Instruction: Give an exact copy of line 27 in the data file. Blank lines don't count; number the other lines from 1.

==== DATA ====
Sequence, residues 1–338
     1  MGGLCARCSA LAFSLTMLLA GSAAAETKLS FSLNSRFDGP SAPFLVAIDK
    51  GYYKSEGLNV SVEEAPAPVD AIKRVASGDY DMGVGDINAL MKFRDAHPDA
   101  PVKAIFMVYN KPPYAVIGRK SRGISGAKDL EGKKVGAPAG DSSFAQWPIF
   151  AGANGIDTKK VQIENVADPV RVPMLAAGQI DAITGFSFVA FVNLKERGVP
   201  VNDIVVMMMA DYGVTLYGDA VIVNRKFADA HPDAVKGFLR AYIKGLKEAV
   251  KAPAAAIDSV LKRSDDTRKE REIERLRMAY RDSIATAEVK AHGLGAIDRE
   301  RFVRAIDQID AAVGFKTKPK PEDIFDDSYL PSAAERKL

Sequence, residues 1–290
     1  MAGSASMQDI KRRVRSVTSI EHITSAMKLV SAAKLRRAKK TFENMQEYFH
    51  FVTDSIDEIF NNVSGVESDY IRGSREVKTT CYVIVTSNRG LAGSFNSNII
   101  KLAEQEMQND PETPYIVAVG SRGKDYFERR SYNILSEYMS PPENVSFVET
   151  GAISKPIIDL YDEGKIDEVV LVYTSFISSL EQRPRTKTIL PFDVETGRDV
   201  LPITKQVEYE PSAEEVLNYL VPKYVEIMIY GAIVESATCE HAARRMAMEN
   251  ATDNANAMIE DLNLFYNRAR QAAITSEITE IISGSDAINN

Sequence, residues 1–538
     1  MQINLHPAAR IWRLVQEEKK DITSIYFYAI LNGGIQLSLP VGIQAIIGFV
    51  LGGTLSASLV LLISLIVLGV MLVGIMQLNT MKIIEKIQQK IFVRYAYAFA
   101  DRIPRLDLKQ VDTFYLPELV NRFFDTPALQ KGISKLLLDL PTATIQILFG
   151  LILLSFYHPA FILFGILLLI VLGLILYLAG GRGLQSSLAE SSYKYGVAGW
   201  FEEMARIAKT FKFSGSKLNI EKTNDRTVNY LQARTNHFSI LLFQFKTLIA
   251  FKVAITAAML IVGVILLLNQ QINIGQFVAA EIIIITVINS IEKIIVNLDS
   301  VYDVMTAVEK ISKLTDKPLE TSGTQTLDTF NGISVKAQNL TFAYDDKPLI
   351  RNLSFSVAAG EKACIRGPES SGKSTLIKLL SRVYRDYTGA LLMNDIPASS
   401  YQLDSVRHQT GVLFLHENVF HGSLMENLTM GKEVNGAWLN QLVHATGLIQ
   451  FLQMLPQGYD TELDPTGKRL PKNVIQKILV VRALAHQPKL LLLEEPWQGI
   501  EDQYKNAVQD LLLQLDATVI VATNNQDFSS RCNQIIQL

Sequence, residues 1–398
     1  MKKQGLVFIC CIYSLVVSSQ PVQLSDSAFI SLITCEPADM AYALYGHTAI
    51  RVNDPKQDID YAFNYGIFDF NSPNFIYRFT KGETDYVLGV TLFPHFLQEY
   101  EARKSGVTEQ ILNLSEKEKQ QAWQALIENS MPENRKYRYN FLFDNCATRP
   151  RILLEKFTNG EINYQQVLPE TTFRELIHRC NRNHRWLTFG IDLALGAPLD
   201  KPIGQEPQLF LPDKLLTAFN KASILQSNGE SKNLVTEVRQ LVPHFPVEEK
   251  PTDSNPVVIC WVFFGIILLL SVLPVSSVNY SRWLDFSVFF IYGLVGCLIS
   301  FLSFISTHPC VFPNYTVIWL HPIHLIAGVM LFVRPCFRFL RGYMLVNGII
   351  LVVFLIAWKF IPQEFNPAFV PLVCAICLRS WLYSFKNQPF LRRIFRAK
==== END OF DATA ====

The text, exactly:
   501  EDQYKNAVQD LLLQLDATVI VATNNQDFSS RCNQIIQL